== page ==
8 Common Myths and Misconceptions About Hurricanes

Hurricane-Ian

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By Crystal Harlan

July 27, 2023

Do you put tape on your windows before a hurricane or worry more about the wind than the water? If so, you’re not alone! Those are just a a couple of the most common myths about hurricanes.

Puerto Ricans in Florida are no strangers to hurricanes, but even among seasoned storm survivors, misconceptions are widespread. When it comes to hurricane season, having the right information will help you prepare and stay safe.

Here are a few of the most common myths about hurricanes.

Myth: High wind speed poses the greatest threat to human lives.

Truth: In actuality, 88 percent of hurricane-related deaths are from water, including both the initial storm surge, which is when the hurricane’s wind field pushes water toward the shore, and flooding from large amounts of rainfall.

That’s why they say, “Hide from the wind, run from the water.”

Myth: A Category 1 hurricane is nothing to worry about.

Truth: Category 1 storms’ sustained wind speeds of 74 to 95 miles per hour can cause significant damage to trees and the roofs and siding of homes. The winds can also damage electric lines, resulting in power outages that can last for days. And like higher category storms, Category 1 can still bring a storm surge and plenty for flooding from rainfall.

Myth: Taping your windows will help keep them from breaking.

Truth: Use plywood boards or hurricane shutters instead. It’s a popular misconception that tape will strengthen a window enough for it to withstand debris. In fact, it can actually make windows more dangerous because with tape they will break in bigger pieces.

Myth: People up north don’t have to worry about hurricanes.

Truth: If you lived in New York or New Jersey during Hurricane Sandy (2012) you know that not to be true. Sandy caused 147 deaths–72 occurring in the mid-Atlantic states–and an estimated $82 billion in damages, making Sandy the fourth-costliest hurricane in the U.S. Hurricanes can even reach as far north as Canada. Hurricane Igor (2010) was the most destructive hurricane to hit Newfoundland in 75 years, according to the Canadian Hurricane Centre.

Myth: Hurricanes only affect people along the coast.

Truth: As we mentioned above, the damage caused by copious amounts of rainfall is not to be underestimated, and the rain doesn’t stop once the storm makes landfall. Those of us in Central Florida remember the flooding caused by Hurricane Ian (2022) in the Orlando area, more than 150 miles inland from where Hurricane Ian made landfall near Fort Myers.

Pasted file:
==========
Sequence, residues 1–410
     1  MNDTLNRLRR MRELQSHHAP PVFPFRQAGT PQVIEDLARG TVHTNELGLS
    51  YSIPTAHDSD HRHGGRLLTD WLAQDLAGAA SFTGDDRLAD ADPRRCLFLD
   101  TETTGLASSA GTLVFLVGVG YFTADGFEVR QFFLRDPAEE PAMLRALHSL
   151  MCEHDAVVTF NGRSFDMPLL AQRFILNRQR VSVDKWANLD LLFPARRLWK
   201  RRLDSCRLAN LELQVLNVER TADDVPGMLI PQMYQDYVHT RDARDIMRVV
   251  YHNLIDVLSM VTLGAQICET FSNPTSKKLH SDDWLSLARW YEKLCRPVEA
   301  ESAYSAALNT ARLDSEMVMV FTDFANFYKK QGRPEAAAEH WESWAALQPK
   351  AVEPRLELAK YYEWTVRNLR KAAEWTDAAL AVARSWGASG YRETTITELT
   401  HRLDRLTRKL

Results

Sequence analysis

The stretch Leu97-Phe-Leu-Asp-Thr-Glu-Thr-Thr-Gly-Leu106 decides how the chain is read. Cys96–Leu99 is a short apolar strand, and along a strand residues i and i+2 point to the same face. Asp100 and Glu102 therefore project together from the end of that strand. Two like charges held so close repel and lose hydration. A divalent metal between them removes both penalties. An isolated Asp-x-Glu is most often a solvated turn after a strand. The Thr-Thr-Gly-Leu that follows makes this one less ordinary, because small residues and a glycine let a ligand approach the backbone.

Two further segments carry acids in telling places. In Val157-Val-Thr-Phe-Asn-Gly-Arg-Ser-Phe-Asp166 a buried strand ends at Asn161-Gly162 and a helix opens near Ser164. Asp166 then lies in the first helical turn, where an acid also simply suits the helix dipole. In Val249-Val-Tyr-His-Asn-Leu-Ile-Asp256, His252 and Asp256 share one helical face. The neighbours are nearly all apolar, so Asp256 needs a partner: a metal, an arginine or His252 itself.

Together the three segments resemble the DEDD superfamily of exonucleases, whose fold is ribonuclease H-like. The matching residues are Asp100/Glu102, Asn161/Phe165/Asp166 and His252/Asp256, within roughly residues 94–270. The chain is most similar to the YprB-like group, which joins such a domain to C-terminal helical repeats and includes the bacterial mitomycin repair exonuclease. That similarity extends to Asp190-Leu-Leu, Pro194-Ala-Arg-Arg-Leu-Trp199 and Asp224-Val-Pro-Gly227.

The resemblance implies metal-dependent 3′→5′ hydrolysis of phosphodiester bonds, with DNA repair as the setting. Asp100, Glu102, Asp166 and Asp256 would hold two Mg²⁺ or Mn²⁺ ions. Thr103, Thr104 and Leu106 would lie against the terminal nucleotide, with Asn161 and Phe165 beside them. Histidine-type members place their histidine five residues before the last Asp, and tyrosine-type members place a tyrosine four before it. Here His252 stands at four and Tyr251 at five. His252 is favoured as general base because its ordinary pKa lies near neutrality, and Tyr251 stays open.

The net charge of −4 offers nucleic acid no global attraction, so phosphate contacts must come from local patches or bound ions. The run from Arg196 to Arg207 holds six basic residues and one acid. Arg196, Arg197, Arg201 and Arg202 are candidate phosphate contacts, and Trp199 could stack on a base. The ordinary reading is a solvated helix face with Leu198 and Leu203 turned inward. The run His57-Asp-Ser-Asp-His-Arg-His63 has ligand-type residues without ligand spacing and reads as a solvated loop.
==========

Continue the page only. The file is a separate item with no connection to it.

And Hurricane Irene (2011) caused inland flooding that damaged or destroyed nearly 2400 roads, 300 bridges and a half dozen railroads tracks in Vermont. As if that weren’t enough, these storms can also produce tornadoes once on land.

RELATED: A More Resilient Puerto Rico: How Biden’s Climate Crisis Plan Will Help Coastal Communities

Myth: Opening windows and doors will help relieve dangerous pressure that can build in your home and cause structural damage.

Truth: Homes are not sealed well enough for pressure to become dangerously high in a home. Please don’t open doors or windows during a hurricane, as it can let in rain and airborne debris.

Myth: Wait to see how the storm progresses before evacuating.

Truth: If you are ordered to evacuate or even if there is a possibility that a hurricane could affect your area, do not delay in evacuating. That’s because the storm surge will likely start hours before the storm makes landfall. Plus, you don’t want to be stuck in a traffic gridlock on the highway when the storm hits.

Myth: If I’m outside of the cone of uncertainty, I’m safe.

Truth: That’s a dangerous assumption. The cone of uncertainty is the hurricane’s predicted path. The center of the cone of uncertainty is not necessarily going to be the center of the storm. The center of the storm could pass over any point within the cone or even outside of it.

If you’ve tracked storms for long enough, you know that they can suddenly change direction, defying all predictions. Just look at Hurricane Ian (2022), which was predicted to hit somewhere between the Panhandle and Tampa. Then, just days before making landfall, it made a dramatic shift south and hit near Ft. Myers.

 

Author

  • Crystal Harlan

    Crystal is a bilingual editor and writer with over 20 years of experience in digital and print media. She is currently based in Florida, but has lived in small towns in the Midwest, Caracas, New York City, and Madrid, where she earned her MA in Spanish literature.

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